In the wake of the week in which the federal government arrested 90 healthcare professionals accused of fraudulent acts against Medicare, it would be useful to review the key pieces of legislation, the so-called Anti-Kickback Statute and the Stark Law, that often undergird the government’s actions in sweeps such as these. In addition to reviewing these laws, San Francisco qui tam lawsuit attorney Gregory J. Brod would like to revisit the federal False Claims Act, which is the legal basis of support for action by a whistleblower on behalf of the government in cases where fraud has occurred.
A kickback, of course, is basically negotiated bribery in which some form of a commission, usually money, is paid to the person who takes the bribe in return for services he or she performs for the person who offers the bribe. In such a quid pro quo arrangement, the person taking the bribe and the person offering it are in collusion.
Kickbacks are a pervasive factor in government corruption involving public officials, but they are also a troubling incentive for fraud to be committed against the government by private individuals and entities, for example, in schemes that are cooked up to steal money from Medicare. The problem of medical companies paying doctors to refer patients to them for treatment, tests or other healthcare, whether the patient needs the care or not, has been a growing phenomenon in the United States. In 1972, Congress passed major legislation to discourage this sort of behavior in the form of the Anti-Kickback Statute, 42 U.S.C. Secs. 1320a-7b(b), which forbids anyone from offering, paying, soliciting or accepting anything of value in order to encourage or reward referrals or generate federal healthcare program business.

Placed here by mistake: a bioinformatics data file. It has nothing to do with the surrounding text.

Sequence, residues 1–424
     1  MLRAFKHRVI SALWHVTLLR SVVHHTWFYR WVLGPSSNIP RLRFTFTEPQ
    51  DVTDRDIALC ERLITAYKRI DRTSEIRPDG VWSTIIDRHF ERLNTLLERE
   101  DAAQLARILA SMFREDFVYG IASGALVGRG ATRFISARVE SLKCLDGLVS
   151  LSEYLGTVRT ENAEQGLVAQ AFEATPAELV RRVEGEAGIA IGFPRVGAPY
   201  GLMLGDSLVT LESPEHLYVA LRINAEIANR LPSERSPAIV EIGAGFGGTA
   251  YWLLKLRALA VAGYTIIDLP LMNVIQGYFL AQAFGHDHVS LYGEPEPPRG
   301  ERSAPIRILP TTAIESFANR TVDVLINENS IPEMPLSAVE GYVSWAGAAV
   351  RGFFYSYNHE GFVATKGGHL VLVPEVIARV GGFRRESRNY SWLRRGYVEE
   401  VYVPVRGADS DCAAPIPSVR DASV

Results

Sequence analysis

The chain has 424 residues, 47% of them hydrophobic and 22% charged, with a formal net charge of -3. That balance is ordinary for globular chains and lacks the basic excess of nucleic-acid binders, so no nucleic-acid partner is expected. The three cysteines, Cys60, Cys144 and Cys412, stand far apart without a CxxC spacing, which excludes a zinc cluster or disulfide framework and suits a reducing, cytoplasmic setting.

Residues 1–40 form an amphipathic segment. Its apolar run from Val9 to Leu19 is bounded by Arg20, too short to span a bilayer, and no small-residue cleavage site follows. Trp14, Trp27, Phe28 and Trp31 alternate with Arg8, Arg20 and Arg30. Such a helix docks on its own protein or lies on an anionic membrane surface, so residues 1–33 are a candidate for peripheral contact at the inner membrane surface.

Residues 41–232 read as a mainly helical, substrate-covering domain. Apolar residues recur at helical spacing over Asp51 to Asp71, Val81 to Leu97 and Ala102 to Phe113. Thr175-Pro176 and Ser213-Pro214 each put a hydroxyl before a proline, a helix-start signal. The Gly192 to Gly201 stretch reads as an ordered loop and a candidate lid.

In 2011, Congress went an important step further in its quest to combat Medicare fraud when it passed the Stark Law. The Stark Law, 42 U.S.C. Sec. 1395nn, was named after its sponsor, former U.S. Rep. Pete Stark of California, and it is a limitation on certain types of physician referrals. Specifically, the Stark Law forbids a doctor from referring Medicare patients for designated healthcare to an entity in which that doctor or an immediate family member has a financial stake; the law also prohibits such designated healthcare entities from submitting claims to Medicare for services that have occurred as result of the prohibited referral.
While the Anti-Kickback Statute and the Stark Law are relatively new pieces of legislation, the main weapon in the federal government’s arsenal for combatting fraud, the False Claims Act, is much older, having been on the books since 1863. The False Claims Act, 31 U.S.C. Secs. 3729-3733, also known as the Lincoln Law, assigns liability to individuals and companies that knowingly defraud government programs.
The important “qui tam” provision of the False Claims Act permits individuals who are not affiliated with the government but have knowledge of fraud committed against programs such as Medicare to file a lawsuit on behalf of the government, with the person initiating the action known as a whistleblower. Such qui tam lawsuits account for a large majority of all legal action under the False Claims Act, and the whistleblowers who initiate them stand to receive 15 percent to 25 percent of any recovered damages.
Fraud against Medicare and other government programs represents a drain on the U.S. Treasury, fleecing of the taxpayers, and a significant factor in the rise in Medicare premiums. It is important for any would-be whistleblower to secure experienced legal representation in order to pursue a qui tam lawsuit. If you have knowledge of a fraudulent scheme against Medicare or another government program, we urge you to contact the legal team at the Brod Law Firm for a free consultation.
-James Ambroff-Tahan contributed to this article.
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The Many Guises of Medicare Fraud: Part III